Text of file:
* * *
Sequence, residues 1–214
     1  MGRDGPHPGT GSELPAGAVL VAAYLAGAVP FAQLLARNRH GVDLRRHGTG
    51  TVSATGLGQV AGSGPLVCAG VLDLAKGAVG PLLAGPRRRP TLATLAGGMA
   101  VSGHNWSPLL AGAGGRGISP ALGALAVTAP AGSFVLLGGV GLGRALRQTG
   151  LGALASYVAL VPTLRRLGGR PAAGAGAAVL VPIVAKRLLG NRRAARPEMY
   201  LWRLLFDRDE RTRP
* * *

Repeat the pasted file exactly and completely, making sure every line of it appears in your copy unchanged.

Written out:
Sequence, residues 1–214
     1  MGRDGPHPGT GSELPAGAVL VAAYLAGAVP FAQLLARNRH GVDLRRHGTG
    51  TVSATGLGQV AGSGPLVCAG VLDLAKGAVG PLLAGPRRRP TLATLAGGMA
   101  VSGHNWSPLL AGAGGRGISP ALGALAVTAP AGSFVLLGGV GLGRALRQTG
   151  LGALASYVAL VPTLRRLGGR PAAGAGAAVL VPIVAKRLLG NRRAARPEMY
   201  LWRLLFDRDE RTRP